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Largest penguin colony in the world has shrunk by 88%, researchers don’t know why

Largest penguin colony in the world has shrunk by 88%, researchers don’t know why
The largest king penguin colony in the world has shrunk by 88 percent over the last 30 years, according to high resolution satellite images which have tracked the drastic decline since the 1980s.

Research published in the journal Antarctic Science says aerial and satellite images show a worrying future for the colony, located on France’s uninhabited Île aux Cochons in the Indian Ocean, between Africa and Antarctica.

The paper says only 60,000 breeding pairs of king penguins remain in photos taken between 2015 and 2017, down from half a million pairs recorded in the 1982.

“It is completely unexpected, and particularly significant since this colony represented nearly one third of the king penguins in the world,”said lead author Henri Weimerskirch, who first visited the colony in 1982.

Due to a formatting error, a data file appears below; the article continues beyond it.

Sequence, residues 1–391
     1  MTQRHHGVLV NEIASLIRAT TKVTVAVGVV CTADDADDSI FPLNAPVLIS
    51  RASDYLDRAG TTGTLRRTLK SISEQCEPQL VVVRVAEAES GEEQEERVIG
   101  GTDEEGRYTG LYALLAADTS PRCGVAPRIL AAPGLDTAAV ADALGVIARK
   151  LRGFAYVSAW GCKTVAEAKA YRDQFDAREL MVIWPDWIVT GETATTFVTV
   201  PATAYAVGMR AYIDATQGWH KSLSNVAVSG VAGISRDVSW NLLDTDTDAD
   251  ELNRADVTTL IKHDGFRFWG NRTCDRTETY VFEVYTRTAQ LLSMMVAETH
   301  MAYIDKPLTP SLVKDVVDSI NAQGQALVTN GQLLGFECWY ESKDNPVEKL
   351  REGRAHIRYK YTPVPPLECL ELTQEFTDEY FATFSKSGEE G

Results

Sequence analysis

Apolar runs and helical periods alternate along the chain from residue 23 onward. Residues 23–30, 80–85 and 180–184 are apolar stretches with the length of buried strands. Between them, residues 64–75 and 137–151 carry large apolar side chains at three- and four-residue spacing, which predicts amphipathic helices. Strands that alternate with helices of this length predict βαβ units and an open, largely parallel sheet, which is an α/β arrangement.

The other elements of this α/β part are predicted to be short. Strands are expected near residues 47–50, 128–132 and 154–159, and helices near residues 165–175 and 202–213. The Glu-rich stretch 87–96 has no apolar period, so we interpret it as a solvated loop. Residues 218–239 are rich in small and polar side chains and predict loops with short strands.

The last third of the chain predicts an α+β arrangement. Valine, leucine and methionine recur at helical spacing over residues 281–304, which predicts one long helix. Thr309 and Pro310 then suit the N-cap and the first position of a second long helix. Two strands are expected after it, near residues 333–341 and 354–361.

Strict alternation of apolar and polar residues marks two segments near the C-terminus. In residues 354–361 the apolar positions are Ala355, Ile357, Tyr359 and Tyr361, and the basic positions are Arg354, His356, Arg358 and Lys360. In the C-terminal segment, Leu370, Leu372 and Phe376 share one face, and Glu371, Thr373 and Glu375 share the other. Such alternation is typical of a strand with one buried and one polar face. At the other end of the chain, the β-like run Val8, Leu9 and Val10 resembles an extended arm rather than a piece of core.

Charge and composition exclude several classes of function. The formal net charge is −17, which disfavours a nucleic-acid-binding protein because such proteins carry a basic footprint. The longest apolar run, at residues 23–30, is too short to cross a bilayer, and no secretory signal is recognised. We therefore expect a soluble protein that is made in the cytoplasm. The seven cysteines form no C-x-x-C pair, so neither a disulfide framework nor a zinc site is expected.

READ MORE: Penguin Apocalypse: Adelie colony in Antarctica faces extinction as giant iceberg blocks sea (VIDEO)

Most concerning is researchers from the Chizé Center for Biological Studies (CNRS) say there are no clear reasons for the steep decline. Previous research suggested some of the bird populations may be at risk because of climate change.  

“The possible causes of this decline were explored but no plausible explanation for such an unprecedented decrease in penguin populations was found,” wrote the authors of the study.

Researchers say the study highlights the use of satellite imagery as a non-invasive technique for population monitoring, and stresses the need for further research on the causes of this alarming decline.

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